Are you more concerned now if patients miss their appointment since oral contraceptive pills need to be taken on such a strict timetable?
Not really, since most of the follow ups are via phone. If a patient does miss their appointment, the Medical Office Administrator will still follow up with them to ask them the reason for missing the appointment. If they are a patient with the clinic and need a prescription refill or have a related gynaecological concern, they can always call the VGH Rapid Access Gynae Clinic and whoever is on call will provide them with the necessary care. There are also a lot of online resources available to patients such as GetCheckedOnline – an online service that offers testing for sexually transmitted and bloodborne infections.
If most of the consults and follow ups are via phone, how has that affected the patients that are potentially living with an abusive partner? Have you found a way for them to safely talk about their health?
Unfortunately, no, I haven’t found anything that works well over the phone, especially since I have had situations where their partner was on the call without me knowing. However, if it is an in-person appointment or I am seeing someone in the emergency department, now is likely a better opportunity for them to disclose, as patients are seen on their own and no visitors are allowed.
Does the VGH Gynae Clinic also perform abortions?
The VGH Gynae service’s mandate is to manage early pregnancy complications, including potentially the surgical or medical management of non-viable pregnancies. Those found to have a viable pregnancy and wish to undergo surgical or medical abortion are referred to one of the several nearby clinics whose mandate is such. The patient can self-refer to these clinics as well.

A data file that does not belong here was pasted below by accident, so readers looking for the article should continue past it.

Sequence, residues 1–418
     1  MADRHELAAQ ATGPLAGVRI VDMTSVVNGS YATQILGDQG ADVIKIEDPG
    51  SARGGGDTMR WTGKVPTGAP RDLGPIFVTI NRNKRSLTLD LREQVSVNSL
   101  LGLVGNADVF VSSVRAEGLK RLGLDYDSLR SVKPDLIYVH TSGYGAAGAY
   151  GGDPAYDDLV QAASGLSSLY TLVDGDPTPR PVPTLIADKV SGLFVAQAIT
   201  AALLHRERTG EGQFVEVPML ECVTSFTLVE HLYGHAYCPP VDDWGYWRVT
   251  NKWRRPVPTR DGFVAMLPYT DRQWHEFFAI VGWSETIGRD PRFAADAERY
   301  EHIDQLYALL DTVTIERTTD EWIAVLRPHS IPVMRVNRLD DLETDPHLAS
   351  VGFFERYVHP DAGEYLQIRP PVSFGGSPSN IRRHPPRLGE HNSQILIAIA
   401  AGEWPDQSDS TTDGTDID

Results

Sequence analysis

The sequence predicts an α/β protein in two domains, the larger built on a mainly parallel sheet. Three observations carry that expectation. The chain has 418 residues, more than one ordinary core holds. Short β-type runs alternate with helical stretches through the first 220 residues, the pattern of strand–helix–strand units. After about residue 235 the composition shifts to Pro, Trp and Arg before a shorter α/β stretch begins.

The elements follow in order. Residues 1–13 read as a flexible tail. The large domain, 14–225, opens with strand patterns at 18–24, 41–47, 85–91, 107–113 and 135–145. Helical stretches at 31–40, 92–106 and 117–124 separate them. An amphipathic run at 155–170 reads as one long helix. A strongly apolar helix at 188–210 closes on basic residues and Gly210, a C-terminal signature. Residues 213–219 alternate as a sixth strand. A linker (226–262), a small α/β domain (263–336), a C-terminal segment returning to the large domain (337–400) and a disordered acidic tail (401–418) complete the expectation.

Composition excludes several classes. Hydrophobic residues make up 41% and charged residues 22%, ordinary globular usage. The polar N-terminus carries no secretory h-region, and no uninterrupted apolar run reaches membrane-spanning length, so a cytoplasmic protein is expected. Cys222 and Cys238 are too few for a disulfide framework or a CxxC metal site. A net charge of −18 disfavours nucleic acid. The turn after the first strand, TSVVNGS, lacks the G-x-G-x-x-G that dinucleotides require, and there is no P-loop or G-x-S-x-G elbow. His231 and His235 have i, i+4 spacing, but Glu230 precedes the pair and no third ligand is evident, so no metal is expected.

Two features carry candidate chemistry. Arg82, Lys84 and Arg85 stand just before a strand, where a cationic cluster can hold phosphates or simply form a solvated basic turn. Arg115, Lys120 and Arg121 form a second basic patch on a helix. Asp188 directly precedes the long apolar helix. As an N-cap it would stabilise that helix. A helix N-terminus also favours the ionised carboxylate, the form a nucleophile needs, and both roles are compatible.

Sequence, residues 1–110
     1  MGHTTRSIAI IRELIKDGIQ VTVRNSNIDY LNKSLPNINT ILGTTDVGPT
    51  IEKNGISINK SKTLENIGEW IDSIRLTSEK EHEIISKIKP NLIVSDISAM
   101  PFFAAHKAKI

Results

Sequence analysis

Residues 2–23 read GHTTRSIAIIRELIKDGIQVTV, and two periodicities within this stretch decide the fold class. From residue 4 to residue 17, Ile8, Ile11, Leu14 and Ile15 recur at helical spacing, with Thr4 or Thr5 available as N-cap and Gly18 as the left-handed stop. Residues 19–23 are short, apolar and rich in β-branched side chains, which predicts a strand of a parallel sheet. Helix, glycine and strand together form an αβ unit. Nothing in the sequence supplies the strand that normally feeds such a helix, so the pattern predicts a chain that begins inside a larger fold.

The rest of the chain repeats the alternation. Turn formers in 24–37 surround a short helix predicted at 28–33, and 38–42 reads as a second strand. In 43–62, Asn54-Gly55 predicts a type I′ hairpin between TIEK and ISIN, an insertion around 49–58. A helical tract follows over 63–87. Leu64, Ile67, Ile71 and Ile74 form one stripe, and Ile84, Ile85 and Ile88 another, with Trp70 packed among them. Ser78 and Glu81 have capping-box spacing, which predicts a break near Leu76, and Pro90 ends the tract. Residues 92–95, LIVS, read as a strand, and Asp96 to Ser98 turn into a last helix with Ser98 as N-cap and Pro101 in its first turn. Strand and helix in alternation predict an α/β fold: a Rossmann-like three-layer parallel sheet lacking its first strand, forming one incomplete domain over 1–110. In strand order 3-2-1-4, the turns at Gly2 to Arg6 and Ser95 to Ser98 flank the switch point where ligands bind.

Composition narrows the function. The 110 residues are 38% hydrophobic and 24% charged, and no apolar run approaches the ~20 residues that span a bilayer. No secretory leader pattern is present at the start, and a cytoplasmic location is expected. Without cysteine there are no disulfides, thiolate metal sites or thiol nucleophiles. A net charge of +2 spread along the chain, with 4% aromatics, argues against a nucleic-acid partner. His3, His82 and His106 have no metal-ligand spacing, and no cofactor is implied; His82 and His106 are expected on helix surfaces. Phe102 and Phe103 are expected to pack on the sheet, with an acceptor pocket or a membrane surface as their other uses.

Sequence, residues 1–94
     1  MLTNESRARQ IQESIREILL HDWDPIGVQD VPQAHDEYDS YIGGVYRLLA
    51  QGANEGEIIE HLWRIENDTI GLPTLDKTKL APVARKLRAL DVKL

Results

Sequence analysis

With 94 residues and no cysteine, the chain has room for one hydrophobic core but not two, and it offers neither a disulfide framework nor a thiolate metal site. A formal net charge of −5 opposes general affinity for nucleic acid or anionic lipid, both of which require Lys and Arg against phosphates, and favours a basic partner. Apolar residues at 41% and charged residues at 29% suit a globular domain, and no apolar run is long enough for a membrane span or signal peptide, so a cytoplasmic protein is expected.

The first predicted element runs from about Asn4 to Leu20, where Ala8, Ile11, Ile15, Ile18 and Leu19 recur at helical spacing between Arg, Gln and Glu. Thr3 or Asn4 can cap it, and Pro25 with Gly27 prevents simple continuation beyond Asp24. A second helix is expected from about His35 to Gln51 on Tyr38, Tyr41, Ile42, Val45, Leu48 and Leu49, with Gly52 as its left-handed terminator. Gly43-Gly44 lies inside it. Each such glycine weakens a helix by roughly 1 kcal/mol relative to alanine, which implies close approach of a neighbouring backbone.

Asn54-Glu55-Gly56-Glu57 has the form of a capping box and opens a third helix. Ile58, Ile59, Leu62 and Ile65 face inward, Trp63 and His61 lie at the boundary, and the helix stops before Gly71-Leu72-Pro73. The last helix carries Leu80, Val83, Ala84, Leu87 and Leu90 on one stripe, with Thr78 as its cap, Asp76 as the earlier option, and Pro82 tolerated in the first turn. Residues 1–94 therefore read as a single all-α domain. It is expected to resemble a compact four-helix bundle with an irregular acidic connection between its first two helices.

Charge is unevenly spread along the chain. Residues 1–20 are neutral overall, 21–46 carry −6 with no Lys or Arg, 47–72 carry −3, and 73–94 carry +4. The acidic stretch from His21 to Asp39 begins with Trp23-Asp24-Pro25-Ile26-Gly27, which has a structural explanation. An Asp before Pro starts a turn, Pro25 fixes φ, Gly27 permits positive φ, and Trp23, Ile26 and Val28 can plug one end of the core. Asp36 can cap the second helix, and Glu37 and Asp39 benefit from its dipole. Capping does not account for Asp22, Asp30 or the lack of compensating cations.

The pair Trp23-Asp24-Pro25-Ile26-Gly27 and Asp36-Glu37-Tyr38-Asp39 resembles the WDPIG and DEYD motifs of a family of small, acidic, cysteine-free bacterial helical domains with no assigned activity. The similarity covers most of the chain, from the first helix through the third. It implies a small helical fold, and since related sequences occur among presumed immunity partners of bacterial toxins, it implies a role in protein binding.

How has the pandemic affected the way you deliver care to LGBTQ2S+ patients?
I can only comment on the situation at VGH, but the barriers that have faced LGBTQ2S+ patients prior to the pandemic certainly did not go away. There is still much to advocate for on that front. Unique to the pandemic, however, is how gender-affirming surgeries have been suspended which has been detrimental.
Is there anything you want people reading this to know about, especially during the pandemic?
In general, patients with abnormal menstrual bleeding wait for a long time prior to presenting for care. If they are soaking through a maxi pad every hour for 3 hours in a row, then that is not normal. If people are passing large clots with their menses, then that is not normal. If they are having such intense menstrual cramping that they have to miss school or work, then that is not normal. Signs of anemia (dizziness, palpitations, chest pain, shortness of breath on exertion) are not normal and need to be dealt with as soon as possible. I also want them to know that there are still many options available for safely accessing contraceptives and abortions during the pandemic.